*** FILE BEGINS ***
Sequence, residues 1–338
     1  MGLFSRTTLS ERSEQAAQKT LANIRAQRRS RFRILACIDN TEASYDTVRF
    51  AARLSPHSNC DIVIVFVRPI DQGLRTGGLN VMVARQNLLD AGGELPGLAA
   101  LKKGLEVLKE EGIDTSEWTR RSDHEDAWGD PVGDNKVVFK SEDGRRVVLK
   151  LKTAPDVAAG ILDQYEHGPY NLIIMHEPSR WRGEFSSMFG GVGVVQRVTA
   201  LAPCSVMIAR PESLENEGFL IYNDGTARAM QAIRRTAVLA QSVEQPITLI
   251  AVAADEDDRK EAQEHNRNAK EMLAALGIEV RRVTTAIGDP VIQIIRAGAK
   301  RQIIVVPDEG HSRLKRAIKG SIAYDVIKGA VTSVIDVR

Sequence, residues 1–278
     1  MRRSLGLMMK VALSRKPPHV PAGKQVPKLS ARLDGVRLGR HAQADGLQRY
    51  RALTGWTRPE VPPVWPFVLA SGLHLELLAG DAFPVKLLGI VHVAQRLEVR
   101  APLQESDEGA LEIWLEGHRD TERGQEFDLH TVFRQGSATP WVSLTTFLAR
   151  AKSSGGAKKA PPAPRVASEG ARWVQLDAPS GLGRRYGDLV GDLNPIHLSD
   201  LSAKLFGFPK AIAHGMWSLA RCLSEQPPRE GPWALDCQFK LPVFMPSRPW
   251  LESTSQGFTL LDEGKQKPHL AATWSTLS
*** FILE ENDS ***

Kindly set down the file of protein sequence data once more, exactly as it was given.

Sequence, residues 1–338
     1  MGLFSRTTLS ERSEQAAQKT LANIRAQRRS RFRILACIDN TEASYDTVRF
    51  AARLSPHSNC DIVIVFVRPI DQGLRTGGLN VMVARQNLLD AGGELPGLAA
   101  LKKGLEVLKE EGIDTSEWTR RSDHEDAWGD PVGDNKVVFK SEDGRRVVLK
   151  LKTAPDVAAG ILDQYEHGPY NLIIMHEPSR WRGEFSSMFG GVGVVQRVTA
   201  LAPCSVMIAR PESLENEGFL IYNDGTARAM QAIRRTAVLA QSVEQPITLI
   251  AVAADEDDRK EAQEHNRNAK EMLAALGIEV RRVTTAIGDP VIQIIRAGAK
   301  RQIIVVPDEG HSRLKRAIKG SIAYDVIKGA VTSVIDVR

Sequence, residues 1–278
     1  MRRSLGLMMK VALSRKPPHV PAGKQVPKLS ARLDGVRLGR HAQADGLQRY
    51  RALTGWTRPE VPPVWPFVLA SGLHLELLAG DAFPVKLLGI VHVAQRLEVR
   101  APLQESDEGA LEIWLEGHRD TERGQEFDLH TVFRQGSATP WVSLTTFLAR
   151  AKSSGGAKKA PPAPRVASEG ARWVQLDAPS GLGRRYGDLV GDLNPIHLSD
   201  LSAKLFGFPK AIAHGMWSLA RCLSEQPPRE GPWALDCQFK LPVFMPSRPW
   251  LESTSQGFTL LDEGKQKPHL AATWSTLS